While complication of the process for ordering pain medication for nursing home residents creates new problems, physicians must still rely upon calls from the nursing home staff to describe a patient's situation and then make medical judgments about what medication is appropriate and the correct dosage. Given that pain and suffering can be highly inflammatory in the context of a lawsuit about a nursing home resident, physicians need to pay attention to requests from nursing home staff for changes in orders and medications. Nursing facility staff often has trouble communicating with busy physicians. A physician may often find that the nursing facility has simply faxed information about a change in a patient's condition rather than having a direct conversation with the physician. Timely receipt by a physician of information that comes via the fax machine often depends upon who catches the documents that are faxed. When physicians are contacted by nursing facility staff via fax, physicians, of course, may only know what actually comes to their attention, but may be charged with knowledge of what ends up on the office floor. Physicians should appoint a particular staff person to be responsible for nursing facility communications and educate all staff members about the need for responsiveness.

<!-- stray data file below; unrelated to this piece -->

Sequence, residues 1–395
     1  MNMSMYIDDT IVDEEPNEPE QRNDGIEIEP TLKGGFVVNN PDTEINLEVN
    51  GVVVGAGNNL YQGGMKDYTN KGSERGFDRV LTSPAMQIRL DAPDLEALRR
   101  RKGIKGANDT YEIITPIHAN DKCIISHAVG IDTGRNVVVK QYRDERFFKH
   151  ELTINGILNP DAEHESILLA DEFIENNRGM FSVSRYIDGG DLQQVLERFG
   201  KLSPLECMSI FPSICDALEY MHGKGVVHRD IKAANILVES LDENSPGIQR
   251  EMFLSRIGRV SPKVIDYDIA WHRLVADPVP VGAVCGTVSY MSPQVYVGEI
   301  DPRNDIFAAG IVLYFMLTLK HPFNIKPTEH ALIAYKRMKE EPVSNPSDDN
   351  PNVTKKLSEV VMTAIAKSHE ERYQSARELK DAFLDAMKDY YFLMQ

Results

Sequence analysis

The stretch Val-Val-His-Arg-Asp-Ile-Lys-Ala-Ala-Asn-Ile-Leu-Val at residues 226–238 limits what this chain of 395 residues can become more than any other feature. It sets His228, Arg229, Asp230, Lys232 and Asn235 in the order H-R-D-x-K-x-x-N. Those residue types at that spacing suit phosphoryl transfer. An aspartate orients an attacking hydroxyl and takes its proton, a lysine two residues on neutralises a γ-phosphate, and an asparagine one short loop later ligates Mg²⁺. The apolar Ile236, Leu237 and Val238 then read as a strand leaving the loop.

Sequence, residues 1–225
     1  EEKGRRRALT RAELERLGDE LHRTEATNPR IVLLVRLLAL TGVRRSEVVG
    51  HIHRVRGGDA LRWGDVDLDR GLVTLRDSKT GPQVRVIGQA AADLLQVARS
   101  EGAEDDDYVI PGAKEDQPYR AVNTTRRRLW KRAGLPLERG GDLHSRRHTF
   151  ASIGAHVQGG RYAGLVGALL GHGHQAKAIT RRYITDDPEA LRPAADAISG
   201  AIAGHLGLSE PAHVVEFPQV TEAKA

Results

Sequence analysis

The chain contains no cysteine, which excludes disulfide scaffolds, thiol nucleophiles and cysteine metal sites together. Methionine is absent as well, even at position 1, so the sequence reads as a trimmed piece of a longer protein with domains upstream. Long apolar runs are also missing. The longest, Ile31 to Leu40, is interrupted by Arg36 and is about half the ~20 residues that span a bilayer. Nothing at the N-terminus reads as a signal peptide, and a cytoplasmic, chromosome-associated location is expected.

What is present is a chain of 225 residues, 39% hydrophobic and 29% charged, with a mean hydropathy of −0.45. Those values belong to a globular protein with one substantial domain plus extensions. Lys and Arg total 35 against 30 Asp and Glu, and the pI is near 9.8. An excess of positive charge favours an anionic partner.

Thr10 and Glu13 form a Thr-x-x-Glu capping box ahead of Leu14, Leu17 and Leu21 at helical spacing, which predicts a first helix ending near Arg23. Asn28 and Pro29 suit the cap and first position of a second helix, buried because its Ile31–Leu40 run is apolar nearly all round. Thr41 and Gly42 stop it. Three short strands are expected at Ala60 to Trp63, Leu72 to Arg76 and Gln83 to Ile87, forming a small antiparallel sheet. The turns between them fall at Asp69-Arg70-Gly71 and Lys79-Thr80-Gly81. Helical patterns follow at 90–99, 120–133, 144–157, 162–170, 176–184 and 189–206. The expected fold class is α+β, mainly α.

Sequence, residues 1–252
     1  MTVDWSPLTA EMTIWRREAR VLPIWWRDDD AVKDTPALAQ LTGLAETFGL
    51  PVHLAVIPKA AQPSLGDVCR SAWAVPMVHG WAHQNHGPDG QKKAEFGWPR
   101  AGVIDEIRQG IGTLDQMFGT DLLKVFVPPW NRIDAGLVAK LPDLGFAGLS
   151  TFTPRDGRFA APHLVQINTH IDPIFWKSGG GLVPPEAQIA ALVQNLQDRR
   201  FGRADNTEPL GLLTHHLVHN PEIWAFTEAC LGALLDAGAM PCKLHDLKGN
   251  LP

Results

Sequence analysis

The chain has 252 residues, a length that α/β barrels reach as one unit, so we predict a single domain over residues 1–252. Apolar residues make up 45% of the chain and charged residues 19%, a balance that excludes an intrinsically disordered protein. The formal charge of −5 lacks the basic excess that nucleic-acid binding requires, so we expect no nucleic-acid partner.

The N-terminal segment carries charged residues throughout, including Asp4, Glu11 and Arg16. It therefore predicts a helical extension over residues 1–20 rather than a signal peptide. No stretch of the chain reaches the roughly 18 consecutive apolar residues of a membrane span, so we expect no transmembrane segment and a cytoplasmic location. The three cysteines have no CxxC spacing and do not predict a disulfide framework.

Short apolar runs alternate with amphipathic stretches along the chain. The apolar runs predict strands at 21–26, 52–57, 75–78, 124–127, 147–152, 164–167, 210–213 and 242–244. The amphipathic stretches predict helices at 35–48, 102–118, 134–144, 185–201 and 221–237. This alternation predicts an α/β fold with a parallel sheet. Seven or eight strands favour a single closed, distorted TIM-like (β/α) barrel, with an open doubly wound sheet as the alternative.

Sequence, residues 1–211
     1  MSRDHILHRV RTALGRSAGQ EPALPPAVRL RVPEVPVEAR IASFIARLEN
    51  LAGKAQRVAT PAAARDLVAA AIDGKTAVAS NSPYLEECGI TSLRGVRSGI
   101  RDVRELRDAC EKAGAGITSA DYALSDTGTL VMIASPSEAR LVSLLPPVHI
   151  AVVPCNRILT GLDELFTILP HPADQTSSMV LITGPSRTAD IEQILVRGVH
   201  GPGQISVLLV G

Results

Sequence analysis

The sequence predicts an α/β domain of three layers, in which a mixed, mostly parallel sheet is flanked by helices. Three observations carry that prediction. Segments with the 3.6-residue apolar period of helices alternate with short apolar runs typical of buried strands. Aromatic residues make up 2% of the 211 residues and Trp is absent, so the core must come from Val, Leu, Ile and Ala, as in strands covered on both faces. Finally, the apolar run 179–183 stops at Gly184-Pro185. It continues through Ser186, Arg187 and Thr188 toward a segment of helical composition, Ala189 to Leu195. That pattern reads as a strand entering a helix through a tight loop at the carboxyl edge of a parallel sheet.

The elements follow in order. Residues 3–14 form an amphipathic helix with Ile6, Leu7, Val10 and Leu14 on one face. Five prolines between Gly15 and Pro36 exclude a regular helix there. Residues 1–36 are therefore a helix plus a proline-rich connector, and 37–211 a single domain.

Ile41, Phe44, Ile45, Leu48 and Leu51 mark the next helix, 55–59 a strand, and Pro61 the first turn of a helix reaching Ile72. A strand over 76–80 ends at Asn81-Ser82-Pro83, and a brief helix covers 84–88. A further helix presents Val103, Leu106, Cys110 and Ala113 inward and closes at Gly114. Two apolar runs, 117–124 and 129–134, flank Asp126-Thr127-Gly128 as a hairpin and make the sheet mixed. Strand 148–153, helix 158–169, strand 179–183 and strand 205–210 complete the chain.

The secretary of HHS has directed state Medicaid programs to withhold payment for provider preventable conditions or "Never Events" for nursing facility care by July 2012. While hospitals have learned to live with non-payment by Medicare since 2008 and Kentucky Medicaid since 2010 for never events, states will now be required to deny payment for certain events that are perceived to be preventable by nursing homes. Each state Medicaid program has the ability to designate which events are covered, but the National Quality Forum has designated never events to include the development of pressure sores, falls, accidents associated with restraints, medication errors, elopement, suicide and other conditions as well. For physicians who treat nursing facility residents, the involvement in the care of a patient who experiences a never event can mean increased liability both to the patient and to the nursing facility in certain circumstances. If Medicare or Medicaid finds that a patient has suffered a never event, the provider involved has an uphill battle to demonstrate lack of liability. Physicians can become implicated in a never event quite easily under many different scenarios. For example, ordering restraints for a patient who then suffers a serious injury as a result could involve the physician in a lawsuit with the burden of proving that the restraints were appropriate and medically necessary in the first place, but misapplied by the nursing facility.